Meeting Signals Pressure on Microblogs
A meeting of the State Internet Information Office saw its chief, also a deputy minister for propaganda, add weight to talk of an imminent reining-in of China’s microblog platforms. From China Media Project:
At yesterday’s meeting, Wang Chen emphasized that “[we] must thoroughly apply a series of guiding spirits of the central Party in regards to internet construction, development and management, keeping to the guiding principle of ‘positive use, scientific development, management by rule of law and ensuring safety’ . . . ” Wang said the government must “thoroughly give play to the positive role of microblogs in serving society, taking concrete steps to develop and manage [them], working together to preserve a healthy and orderly online communication order, serving the overall work of the government and the Party, and serving the masses.”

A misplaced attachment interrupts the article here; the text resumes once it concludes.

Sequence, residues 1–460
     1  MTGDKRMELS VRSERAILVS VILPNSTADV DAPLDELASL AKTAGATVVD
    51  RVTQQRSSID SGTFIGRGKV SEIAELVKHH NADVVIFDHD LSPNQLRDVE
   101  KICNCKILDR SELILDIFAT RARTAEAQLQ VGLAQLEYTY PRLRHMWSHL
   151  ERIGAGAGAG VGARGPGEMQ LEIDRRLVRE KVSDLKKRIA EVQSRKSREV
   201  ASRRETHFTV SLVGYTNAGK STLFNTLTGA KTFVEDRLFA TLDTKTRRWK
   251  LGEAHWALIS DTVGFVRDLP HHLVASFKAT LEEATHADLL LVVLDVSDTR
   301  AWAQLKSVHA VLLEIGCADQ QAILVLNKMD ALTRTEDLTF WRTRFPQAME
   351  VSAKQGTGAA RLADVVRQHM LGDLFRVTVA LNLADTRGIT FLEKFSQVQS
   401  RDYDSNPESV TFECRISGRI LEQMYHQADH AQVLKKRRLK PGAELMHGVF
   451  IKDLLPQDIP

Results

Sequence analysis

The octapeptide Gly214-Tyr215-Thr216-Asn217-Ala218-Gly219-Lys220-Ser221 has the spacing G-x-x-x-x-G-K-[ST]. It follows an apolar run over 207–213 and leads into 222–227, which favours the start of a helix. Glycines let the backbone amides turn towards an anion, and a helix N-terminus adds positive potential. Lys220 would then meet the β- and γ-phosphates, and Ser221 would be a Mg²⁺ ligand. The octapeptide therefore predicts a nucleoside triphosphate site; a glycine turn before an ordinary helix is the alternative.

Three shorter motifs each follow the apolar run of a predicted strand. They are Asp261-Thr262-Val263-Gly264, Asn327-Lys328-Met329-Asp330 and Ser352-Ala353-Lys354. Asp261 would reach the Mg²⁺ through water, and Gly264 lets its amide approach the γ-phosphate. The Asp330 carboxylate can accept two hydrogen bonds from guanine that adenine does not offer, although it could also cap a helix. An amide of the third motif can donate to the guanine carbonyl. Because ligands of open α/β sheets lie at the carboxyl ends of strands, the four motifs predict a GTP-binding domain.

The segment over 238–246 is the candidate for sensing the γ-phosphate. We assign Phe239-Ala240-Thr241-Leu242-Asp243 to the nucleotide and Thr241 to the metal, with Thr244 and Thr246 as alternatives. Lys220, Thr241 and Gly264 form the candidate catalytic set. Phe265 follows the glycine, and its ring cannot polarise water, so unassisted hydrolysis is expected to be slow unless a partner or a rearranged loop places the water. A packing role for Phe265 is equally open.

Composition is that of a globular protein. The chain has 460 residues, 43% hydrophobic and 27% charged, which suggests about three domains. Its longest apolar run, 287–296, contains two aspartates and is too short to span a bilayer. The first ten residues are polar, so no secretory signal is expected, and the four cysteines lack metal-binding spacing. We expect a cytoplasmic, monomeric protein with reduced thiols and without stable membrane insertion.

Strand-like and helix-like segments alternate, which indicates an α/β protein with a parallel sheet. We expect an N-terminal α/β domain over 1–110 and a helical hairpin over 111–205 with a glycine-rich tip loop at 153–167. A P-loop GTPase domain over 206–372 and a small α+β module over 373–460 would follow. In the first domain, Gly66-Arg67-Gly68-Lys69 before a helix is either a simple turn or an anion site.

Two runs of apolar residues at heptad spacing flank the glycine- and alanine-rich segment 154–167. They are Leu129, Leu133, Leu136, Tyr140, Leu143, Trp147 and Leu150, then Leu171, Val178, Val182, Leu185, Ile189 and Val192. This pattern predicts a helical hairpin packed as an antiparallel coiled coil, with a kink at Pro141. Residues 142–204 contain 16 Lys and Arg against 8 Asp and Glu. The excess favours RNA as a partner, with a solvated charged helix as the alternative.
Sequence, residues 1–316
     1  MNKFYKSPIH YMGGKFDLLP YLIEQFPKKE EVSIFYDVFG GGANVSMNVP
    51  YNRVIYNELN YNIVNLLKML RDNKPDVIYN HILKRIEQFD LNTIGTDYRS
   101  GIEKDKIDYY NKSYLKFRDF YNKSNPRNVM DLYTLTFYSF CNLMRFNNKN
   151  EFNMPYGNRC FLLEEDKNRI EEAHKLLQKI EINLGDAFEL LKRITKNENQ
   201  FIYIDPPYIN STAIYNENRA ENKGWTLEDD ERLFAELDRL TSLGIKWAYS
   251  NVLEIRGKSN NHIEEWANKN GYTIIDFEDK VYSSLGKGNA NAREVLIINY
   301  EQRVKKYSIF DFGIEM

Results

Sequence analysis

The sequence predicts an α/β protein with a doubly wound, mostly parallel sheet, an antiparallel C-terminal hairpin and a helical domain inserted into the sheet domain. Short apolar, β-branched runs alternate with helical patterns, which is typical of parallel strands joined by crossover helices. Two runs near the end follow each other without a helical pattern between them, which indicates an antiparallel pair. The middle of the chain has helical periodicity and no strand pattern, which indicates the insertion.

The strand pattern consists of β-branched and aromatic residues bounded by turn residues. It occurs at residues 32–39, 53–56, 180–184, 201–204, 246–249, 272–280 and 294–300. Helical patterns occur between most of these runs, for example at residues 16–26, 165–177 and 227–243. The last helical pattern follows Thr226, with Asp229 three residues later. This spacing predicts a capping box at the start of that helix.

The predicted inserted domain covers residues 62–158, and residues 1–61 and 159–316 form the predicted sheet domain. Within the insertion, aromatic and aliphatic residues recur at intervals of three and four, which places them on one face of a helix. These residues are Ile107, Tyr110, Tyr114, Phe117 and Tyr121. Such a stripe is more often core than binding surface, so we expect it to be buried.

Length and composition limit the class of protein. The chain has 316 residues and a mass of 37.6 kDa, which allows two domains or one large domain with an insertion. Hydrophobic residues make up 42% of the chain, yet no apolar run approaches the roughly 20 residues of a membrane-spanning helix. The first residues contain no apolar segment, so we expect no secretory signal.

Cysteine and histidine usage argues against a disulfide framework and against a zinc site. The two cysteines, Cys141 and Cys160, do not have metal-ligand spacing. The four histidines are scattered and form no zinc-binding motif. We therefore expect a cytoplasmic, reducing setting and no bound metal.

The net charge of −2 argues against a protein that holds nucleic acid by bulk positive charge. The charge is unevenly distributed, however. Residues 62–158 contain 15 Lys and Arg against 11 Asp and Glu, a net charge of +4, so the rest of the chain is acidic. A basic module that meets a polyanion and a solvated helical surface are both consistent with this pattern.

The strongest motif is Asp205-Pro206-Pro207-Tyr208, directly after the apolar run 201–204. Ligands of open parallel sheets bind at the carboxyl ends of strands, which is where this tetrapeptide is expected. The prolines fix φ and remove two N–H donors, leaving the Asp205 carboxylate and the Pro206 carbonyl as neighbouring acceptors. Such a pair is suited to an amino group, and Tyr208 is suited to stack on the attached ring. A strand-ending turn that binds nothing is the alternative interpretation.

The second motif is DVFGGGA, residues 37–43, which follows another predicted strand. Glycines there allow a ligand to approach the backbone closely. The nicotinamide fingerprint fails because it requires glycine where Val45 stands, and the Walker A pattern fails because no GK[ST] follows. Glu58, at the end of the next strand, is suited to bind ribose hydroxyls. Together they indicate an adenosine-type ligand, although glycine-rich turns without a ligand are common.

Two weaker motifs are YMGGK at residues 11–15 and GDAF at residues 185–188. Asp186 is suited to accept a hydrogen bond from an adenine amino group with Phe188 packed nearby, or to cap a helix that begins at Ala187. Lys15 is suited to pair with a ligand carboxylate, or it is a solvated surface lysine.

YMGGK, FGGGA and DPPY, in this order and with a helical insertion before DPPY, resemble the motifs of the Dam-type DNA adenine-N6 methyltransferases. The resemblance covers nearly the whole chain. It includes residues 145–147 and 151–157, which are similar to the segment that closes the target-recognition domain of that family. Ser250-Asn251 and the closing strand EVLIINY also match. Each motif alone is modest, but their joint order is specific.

The news has mixed implications for the future of weibo: ominous in terms of content and freedom of expression, but also reassuring, as the threat of a total shutdown recedes. From China Real Time Report:
Delivered two days before the Communist Party’s Central Committee is scheduled to meet to discuss cultural reforms, the comments helped send shares in Nasdaq Stock Market-listed Sina Corp., operator of the popular Weibo microblogging service, soaring 18% on Thursday as investors appeared reassured that Chinese authorities wouldn’t shut down the service. At about noon on Friday in New York it was down 2.2% to $90.85 ….
While it seems increasingly unlikely that authorities will pull the plug on microblogging sites, Mr. Bishop said investors should be wary of tighter regulation.
“I think it’s going to have somewhat of a chilling effect on the content on Weibo,” he said. “The question is at what point will Sina need to monetize it and what effect will this have on their ability to make money with it.”
Samsung Securities analyst Paul Wuh offered a similar assessment in a note on Friday. “If government regulation increases, microblog services are likely to be more assertive in removing controversial content,” he wrote. “We expect the quality of Weibo to suffer as a result—increasing the risk of a slowdown or even decline in Weibo users.”